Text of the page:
German philosopher and sociologist. (1804 - 1872)
Ludwig Feuerbach studied theology in Heidelberg, then philosophy in Berlin where he became a disciple of Hegel. But at the end of his work on Bacon and Spinoza, he detaches himself from this thought which he criticizes as being too “idealistic” and sees in Hegel a theologian disguised as a philosopher. He then works to “put on his feet the man whom speculative philosophy had put on his head”.
Its philosophy is usually referred to as an atheistic human-made humanism whose essence is the feeling, the beginning and the end of all reality. This sensualist philosophy naturally leads him to materialism, favoring the field of experience over creations of the mind.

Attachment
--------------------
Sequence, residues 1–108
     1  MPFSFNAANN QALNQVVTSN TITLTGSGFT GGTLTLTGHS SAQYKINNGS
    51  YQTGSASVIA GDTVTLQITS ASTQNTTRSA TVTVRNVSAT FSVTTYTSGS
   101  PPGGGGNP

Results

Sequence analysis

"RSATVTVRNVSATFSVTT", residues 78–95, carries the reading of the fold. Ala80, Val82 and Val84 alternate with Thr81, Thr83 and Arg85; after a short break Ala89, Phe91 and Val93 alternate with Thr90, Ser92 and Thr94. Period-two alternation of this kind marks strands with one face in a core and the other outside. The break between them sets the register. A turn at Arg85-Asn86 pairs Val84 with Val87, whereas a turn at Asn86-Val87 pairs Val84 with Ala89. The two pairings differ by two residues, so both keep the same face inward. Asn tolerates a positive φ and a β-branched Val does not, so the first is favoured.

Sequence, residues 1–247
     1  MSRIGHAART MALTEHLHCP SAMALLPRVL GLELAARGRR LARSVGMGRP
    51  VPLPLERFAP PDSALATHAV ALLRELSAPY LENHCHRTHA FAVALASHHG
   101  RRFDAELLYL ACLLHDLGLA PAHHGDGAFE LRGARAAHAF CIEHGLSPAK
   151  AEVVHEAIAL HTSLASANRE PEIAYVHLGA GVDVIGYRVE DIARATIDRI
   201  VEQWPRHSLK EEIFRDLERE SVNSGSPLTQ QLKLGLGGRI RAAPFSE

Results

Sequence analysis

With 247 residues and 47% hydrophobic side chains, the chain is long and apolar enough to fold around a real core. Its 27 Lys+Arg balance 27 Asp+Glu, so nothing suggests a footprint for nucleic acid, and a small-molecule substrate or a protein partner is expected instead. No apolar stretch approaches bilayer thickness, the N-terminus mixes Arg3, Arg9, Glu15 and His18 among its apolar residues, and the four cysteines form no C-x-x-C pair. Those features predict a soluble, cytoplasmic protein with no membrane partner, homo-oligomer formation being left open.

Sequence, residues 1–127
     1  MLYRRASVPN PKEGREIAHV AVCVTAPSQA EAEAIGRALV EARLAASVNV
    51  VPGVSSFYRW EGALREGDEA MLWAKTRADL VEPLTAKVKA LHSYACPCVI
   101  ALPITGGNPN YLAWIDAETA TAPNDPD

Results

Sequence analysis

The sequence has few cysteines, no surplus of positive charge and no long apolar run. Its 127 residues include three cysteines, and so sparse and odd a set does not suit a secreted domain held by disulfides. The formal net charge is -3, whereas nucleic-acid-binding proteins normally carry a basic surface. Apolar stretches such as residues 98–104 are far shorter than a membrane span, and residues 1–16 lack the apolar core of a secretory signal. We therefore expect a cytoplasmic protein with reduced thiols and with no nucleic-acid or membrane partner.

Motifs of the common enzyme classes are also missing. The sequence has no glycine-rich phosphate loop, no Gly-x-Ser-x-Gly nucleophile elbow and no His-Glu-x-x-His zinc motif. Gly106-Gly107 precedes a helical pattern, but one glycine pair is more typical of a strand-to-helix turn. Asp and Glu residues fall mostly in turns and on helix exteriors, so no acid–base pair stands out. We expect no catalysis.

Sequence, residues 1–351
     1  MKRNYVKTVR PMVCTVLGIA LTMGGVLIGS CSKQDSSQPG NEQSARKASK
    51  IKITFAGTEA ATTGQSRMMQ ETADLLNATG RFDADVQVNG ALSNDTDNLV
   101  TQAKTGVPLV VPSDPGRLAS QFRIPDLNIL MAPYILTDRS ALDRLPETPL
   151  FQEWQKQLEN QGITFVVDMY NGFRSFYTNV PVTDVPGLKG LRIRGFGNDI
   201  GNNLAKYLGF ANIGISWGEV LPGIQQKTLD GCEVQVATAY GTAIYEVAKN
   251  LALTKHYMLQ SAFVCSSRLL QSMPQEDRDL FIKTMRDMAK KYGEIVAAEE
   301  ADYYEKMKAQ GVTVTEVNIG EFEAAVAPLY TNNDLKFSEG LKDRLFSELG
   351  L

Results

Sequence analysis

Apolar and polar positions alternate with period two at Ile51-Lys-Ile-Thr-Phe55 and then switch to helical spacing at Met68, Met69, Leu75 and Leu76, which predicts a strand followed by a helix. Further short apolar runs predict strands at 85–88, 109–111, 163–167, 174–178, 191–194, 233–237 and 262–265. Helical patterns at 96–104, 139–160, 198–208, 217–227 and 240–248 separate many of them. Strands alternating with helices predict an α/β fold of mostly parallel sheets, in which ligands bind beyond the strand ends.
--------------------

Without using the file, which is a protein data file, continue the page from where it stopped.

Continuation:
Ludwig Feuerbach influences the young Hegelians, known as “left Hegelians”, as well as Engels and Karl Marx, but does not take part in political action. However, the author of “Capital”, whose thought gradually eclipsed that of its inspirer, reproaches Feuerbach’s “sensitive man” for being too independent of his social environment.